Add Thermal Mass Materials to Your Off-Grid Greenhouse

Install a greenhouse system that can store daytime heat and release it at night to keep the temperature regulated 24/7.

  • This greenhouse in Colorado, built by Smart Greenhouses LLC, has large water barrels along its back wall to collect, store, and distribute heat.
    Photo by Smart Greenhouses LLC
  • These fiberglass barrels provide year-round climate control, and are as effective as they are attractive.
    Photo by The Green Center Greenhouse/Courtesy of Lindsey Schiller
  • Water walls should be exposed to light in winter, to absorb as much heat as possible during the day, and exposed to less light in summer.
    Photo by Lindsey Schiller/Ceres Greenhouse Solutions
  • This water wall at Cheyenne Botanic Gardens in Cheyenne, Wyoming, heats up to 70 degrees Fahrenheit in summer and 60 degrees in winter.
    Photo by Cheyenne Botanic Gardens Greenhouse/Courtesy of Lindsey Schiller
  • Thermal mass takes up a significant amount of space, but it’s low-cost and maintenance-free.
    Photo by MU Cooperative Media Group/Steve Morse

All greenhouses use the sun for heat during the day. At night, most greenhouses quickly lose that heat because of the poor insulating quality of their materials. The reason for this inefficiency has to do with some basic principles of traditional greenhouse design that focus on maximizing light. Glazing materials, such as glass or clear plastic, are good at letting in light, but they’re terrible at retaining heat.

Solar greenhouse design takes a different approach, finding a balance between glazing and insulation to create a structure that naturally resists overheating and overcooling without reliance on fossil fuels. Instead, the sun provides the energy, and the greenhouse collects and stores that energy to provide its own heating when required. The use of thermal mass materials is the oldest and simplest strategy for storing heat and naturally mitigating temperature swings.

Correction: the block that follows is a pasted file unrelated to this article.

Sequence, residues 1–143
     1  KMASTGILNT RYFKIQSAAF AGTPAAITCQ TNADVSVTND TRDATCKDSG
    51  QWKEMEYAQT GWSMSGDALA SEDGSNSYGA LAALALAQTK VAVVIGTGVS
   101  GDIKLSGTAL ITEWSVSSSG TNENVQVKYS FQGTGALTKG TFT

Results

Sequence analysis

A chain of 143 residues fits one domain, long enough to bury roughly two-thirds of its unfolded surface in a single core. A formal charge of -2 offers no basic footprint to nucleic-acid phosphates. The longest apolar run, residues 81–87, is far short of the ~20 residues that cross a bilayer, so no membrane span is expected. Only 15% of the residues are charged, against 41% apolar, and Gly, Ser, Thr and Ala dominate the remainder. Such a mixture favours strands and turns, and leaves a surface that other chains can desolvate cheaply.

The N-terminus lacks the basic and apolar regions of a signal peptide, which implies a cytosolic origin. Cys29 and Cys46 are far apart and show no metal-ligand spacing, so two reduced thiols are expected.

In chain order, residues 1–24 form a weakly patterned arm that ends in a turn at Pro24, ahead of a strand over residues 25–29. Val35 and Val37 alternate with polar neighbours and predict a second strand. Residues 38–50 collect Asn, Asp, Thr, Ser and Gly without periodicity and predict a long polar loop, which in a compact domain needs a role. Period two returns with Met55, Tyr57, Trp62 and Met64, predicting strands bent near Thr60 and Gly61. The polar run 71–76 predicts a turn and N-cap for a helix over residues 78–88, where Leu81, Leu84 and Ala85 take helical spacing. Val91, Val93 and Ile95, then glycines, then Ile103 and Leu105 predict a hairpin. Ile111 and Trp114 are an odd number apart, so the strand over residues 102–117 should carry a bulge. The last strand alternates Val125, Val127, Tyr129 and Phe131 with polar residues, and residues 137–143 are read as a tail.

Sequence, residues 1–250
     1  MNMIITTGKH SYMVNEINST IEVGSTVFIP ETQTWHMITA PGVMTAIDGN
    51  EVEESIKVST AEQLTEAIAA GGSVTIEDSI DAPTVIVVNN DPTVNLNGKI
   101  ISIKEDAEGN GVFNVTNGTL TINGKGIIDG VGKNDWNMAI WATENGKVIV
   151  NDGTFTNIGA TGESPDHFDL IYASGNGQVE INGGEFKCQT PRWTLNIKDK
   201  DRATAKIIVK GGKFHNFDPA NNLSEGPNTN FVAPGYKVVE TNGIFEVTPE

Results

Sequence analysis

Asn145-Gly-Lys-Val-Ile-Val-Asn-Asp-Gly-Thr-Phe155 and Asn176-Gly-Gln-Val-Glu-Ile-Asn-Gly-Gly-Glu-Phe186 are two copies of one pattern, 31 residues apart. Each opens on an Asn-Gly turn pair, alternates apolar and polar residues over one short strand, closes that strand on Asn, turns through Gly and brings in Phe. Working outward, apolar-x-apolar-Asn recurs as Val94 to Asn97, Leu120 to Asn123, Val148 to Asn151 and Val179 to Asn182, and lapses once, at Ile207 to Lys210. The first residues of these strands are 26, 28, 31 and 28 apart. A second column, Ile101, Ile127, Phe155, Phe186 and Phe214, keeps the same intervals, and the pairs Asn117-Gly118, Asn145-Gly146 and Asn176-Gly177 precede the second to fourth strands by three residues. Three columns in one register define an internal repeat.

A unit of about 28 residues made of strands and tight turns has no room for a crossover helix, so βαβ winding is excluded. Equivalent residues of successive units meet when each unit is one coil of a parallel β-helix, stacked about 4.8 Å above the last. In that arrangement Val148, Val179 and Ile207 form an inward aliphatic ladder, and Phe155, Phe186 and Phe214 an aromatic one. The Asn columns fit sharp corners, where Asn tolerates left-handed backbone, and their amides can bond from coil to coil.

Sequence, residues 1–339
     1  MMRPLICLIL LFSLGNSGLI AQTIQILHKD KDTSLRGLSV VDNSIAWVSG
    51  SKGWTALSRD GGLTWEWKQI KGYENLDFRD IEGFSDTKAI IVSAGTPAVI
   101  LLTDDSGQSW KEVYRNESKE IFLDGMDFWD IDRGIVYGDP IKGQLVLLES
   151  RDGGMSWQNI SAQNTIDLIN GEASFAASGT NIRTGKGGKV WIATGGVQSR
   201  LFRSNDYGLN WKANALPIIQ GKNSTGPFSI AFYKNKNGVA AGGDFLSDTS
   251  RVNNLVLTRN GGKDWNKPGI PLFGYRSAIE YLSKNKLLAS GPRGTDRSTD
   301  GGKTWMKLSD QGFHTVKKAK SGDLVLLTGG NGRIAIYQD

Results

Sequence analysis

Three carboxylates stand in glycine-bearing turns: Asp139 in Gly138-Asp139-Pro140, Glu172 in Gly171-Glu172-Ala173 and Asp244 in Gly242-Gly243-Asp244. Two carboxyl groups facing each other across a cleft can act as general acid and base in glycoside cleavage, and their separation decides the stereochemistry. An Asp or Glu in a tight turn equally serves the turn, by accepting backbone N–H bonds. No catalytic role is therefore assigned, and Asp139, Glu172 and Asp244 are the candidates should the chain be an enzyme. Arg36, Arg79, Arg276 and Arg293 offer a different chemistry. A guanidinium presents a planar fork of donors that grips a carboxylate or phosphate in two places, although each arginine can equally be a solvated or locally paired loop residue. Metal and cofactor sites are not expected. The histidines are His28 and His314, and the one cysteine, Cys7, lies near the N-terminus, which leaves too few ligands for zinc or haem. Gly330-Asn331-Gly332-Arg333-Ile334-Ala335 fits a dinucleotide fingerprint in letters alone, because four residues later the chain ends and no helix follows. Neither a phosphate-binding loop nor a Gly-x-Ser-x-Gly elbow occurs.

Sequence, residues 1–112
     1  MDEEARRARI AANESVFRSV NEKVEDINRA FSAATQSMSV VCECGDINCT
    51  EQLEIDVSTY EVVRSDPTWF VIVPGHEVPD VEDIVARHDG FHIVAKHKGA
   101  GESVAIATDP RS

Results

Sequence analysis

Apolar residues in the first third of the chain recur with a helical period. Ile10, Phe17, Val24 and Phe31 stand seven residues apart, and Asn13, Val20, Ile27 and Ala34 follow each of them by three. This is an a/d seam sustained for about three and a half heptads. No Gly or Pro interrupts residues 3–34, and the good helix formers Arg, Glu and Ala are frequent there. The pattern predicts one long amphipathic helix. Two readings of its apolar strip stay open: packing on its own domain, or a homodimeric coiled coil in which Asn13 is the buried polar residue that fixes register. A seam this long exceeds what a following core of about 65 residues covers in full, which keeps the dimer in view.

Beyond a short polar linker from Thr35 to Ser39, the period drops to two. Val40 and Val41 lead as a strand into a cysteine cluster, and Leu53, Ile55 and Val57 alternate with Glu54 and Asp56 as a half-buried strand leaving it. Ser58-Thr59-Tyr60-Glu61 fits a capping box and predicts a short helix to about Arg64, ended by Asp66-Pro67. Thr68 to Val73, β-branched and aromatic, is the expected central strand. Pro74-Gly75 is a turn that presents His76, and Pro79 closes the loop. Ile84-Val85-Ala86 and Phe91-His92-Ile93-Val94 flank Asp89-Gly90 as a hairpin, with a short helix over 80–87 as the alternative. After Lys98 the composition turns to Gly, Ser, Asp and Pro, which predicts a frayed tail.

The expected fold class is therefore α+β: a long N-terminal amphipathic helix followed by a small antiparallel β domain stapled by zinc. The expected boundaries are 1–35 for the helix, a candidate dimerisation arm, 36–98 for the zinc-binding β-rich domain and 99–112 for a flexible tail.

How Thermal Mass Works

When light hits a material, some of it is absorbed and converted to heat. Thermal mass materials absorb this heat via conduction. Heat slowly conducts from the surface to the center of the mass, allowing the entire volume to heat up by a few degrees in a day. When the air temperature in the greenhouse drops at night, the mass slowly starts radiating this heat through conduction and by releasing short-wave infrared radiation. In this way, thermal mass regulates the temperature of the greenhouse. It absorbs energy from the sun during the day and slowly re-radiates it as heat at night (or whenever the air temperature drops below the temperature of the mass), which evens out daily temperature swings.

Because mass materials store heat, they’re often referred to as “heat sinks,” “thermal banks,” or “thermal batteries.” The idea is the same: to store as much heat as possible when it’s oversupplied, and slowly distribute it when it’s in demand. To make this possible, you must maximize the materials’ exposure to light in winter (or whenever greenhouse heating is needed). This will allow the sinks to charge as much as possible during the day so they can radiate heat later. Even if the materials aren’t directly illuminated, they’ll still absorb some heat from the surrounding air. This means they can have some effect on overcast days; however, the predominant driver of a sink’s ability to store heat is direct light absorption.

During summer, the goal of thermal mass is to help keep a greenhouse cool. To that end, the mass should be shaded during summer months. On summer days, it will still absorb some heat from the greenhouse as hot air moves across it. It will then radiate this heat at night, given a sufficient drop in temperature, and resume cooling the next day.

Choosing a Thermal Mass Material

All materials absorb and store heat to some extent, but some are much more effective than others. The amount of heat a material can store is called its “heat capacity” and is determined by two factors. First, the material’s specific heat is a property of the material, defined as how much energy is required to raise its temperature 1 degree Fahrenheit.
5/27/2018 10:09:56 PM

I used the plans at WWW.EASYWOODWORK.ORG to build my own projeccts – I highly recommend you visit that website and check their plans out too. They are detailed and super easy to read and understand unlike several others I found online. The amount of plans there is mind-boggling… there’s like 16,000 plans or something like that for tons of different projects. Definitely enough to keep me busy with projects for many more years to come haha. Go to WWW.EASYWOODWORK.ORG if you want some additional plans :)

2/14/2018 4:31:03 PM


2/14/2018 4:30:36 PM


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